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Totin/ whittling Chip

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So....What's the difference between a totin chip and a Whittling chip besides the spelling?

 

I'm working with my Bear Cub son on getting his whittling chip card. I have heard of totin chip but not sure if it's the same as when a few co workers and I talk about tools > I say: "My Screwgun" , another coworker might say "Cordless drill" , another might just say "Drill" , while the 4th will say :"Cordless".

 

In the end, we are all talking about the exact same tool ( we all use DeWalt 18v cordless impact guns --- see, they are not even drills! LOL!)

 

So is there a difference between totin chip and whittling chip or no difference at all?

 

Is it an age/rank thing?

 

Am I even spelling "totin" right?

 

Inquiring minds (mine) want to know!

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Maybe this will help.

 

requirements for Whittlin' Chip:

 

In return for the privilege of carrying a pocketknife to designated Cub Scout functions, I agree to the following:

 

I will treat my pocketknife with the respect due a useful tool.

I will always close my pocketknife and put it away when not in use.

I will not use my pocketknife when it might injure someone near me.

I promise never to throw my pocketknife for any reason.

I will use my pocketknife in a safe manner at all times.

 

 

requirements for Totin' Chip:

 

This certification grants a Scout the right to carry and use woods tools. The Scout must show his Scout leader, or someone designated by his leader, that he understands his responsibility to do the following:

 

Read and understand woods tools use and safety rules from the Boy Scout Handbook.

Demonstrate proper handling, care, and use of the pocket knife, ax, and saw.

Use the knife, ax, and saw as tools, not playthings.

Respect all safety rules to protect others.

Respect property. Cut living and dead trees only with permission and with good reason.

Subscribe to the Outdoor Code.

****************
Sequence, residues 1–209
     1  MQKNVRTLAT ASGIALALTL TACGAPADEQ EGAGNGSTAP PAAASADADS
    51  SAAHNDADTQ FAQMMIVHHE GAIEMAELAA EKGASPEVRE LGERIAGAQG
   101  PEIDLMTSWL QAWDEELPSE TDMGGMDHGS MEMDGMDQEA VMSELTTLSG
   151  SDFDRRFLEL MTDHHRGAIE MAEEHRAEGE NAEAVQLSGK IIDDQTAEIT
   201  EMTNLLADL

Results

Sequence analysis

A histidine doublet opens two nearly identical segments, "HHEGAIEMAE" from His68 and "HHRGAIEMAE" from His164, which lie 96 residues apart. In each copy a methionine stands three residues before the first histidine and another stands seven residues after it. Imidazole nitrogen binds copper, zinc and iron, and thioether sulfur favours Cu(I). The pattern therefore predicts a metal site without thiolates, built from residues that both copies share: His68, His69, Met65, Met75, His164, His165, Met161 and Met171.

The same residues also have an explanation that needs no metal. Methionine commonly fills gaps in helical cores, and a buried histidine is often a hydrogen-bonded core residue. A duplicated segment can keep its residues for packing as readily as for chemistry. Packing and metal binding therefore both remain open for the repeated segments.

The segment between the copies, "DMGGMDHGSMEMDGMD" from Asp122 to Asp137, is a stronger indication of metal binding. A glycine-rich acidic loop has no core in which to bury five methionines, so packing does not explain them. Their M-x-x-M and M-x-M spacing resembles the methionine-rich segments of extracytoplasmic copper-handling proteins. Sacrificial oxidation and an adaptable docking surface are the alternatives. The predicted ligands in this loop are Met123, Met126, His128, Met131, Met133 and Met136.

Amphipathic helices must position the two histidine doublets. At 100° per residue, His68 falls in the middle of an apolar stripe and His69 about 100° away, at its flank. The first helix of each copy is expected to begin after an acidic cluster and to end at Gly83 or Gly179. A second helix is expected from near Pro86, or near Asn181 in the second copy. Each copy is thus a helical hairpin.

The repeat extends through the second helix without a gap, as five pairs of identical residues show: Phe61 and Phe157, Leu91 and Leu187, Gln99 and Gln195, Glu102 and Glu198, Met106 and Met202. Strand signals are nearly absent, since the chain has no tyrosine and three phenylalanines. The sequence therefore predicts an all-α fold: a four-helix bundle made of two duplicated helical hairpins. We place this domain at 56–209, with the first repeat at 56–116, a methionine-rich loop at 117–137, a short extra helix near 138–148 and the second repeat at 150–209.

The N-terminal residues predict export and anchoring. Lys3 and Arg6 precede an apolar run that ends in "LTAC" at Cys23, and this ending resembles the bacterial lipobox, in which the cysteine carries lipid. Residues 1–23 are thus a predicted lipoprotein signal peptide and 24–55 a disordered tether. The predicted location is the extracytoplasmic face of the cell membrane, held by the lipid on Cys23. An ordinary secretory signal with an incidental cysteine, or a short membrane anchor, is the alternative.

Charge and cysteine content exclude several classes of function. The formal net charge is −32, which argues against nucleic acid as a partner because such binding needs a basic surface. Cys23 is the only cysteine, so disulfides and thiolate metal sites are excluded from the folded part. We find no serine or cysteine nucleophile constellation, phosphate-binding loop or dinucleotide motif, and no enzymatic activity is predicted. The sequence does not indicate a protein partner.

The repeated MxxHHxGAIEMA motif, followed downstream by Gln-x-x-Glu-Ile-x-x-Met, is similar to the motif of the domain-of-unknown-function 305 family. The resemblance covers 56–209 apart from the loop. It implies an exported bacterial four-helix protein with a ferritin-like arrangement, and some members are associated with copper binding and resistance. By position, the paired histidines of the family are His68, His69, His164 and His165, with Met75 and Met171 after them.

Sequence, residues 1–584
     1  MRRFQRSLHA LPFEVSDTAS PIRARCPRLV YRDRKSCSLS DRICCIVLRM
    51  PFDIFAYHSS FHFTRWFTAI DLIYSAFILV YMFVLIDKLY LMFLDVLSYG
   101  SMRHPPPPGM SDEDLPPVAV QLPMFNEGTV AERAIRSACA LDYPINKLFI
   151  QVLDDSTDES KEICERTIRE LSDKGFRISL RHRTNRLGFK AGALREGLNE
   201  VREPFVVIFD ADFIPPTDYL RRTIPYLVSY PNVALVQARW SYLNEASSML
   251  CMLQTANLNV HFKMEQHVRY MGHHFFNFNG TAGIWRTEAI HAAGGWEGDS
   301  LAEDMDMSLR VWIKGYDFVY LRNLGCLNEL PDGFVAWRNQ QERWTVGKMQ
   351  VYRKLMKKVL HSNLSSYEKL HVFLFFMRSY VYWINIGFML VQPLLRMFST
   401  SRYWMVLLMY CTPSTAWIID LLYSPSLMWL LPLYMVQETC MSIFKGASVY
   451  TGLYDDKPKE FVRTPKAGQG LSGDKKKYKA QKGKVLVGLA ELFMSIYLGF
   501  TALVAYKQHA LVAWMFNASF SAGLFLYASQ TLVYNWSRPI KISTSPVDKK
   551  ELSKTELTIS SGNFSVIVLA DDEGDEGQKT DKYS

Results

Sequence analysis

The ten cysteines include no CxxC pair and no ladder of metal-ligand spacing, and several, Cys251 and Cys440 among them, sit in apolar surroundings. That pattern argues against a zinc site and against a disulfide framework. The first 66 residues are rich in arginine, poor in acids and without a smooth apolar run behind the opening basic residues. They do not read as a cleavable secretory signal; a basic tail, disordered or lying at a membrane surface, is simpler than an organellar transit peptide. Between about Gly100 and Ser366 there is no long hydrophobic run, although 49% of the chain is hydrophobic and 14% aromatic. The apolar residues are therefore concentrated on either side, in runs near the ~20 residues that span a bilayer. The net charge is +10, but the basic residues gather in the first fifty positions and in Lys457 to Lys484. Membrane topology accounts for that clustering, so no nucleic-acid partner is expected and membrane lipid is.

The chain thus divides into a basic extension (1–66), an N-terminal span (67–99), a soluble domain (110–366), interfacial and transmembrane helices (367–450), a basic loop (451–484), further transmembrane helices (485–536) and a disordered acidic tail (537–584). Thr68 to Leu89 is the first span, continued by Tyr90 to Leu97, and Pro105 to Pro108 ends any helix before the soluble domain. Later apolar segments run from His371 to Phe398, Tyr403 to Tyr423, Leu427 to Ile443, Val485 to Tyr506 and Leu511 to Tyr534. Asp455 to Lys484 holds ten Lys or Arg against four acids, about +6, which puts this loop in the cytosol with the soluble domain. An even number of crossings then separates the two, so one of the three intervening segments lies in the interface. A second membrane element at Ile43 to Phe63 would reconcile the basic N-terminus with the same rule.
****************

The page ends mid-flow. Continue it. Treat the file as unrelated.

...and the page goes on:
The Scout's "Totin' Rights" can be taken from him if he fails in his responsibility.

 

 

As noted by NOW, WC is for Cub Scouts to deal with knives, TC is for Boy Scouts to deal with knives, axes, saws.

 

 

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I wouldn't go so far as to call it an "urban legend", the corner thing tends to be a unit "tradition".

Strictly speaking, the pledge on the back of the Totin' Chip card is the only "requirement" , there is no "do this, and this, and this" to earn the T/C. Thus, the Scout has to learn from a more experienced Scout/er how to safely and skillfully use his ax and knife and saw. The old Handbook for Boys and Fieldbook had some excellent photos and diagrams. This training and evaluation is dependant on the experience and skill of the T/C trainer. Once the Scout has "passed" his T/C, the Scout is held to a standard of safe and responsible tool handling by the unit leadership. Should the Scout get goofy, or act irresponsibly or (God forbid) injure someone with his tool, some units will rescind his T/C priveleges at once, no appeal. Some units will give him second/third chances depending on the severity of the infraction. The "score' is kept by cutting off corners of the T/C card (which the Scout is expected to carry with him when using the tool. Think "diver's license"). Cut off four corners, no more T/C. If the T/C is gone, the Scout must re-earn it. It ain't BSA official, just tradition.

Some Cub Packs do the same thing with the Cub's Whittlin' Chip card.

Once the Cub has "earned" his W/C, the Pack leadership makes sure he only uses his tool (knife) in a safe and responsible manner. A good Webelos leader might hold carving sessions so the Cubs can actually use the knives they were given after they earned the W/C. Here again, the pledge on the back of the W/C card is the only "official" requirement, the earning of the W/C privelege is dependant on the experience and skill of the local unit leadership. Some units really codify things. See http://www.cubpack178.com/documents/whittling_chip_prog.pdf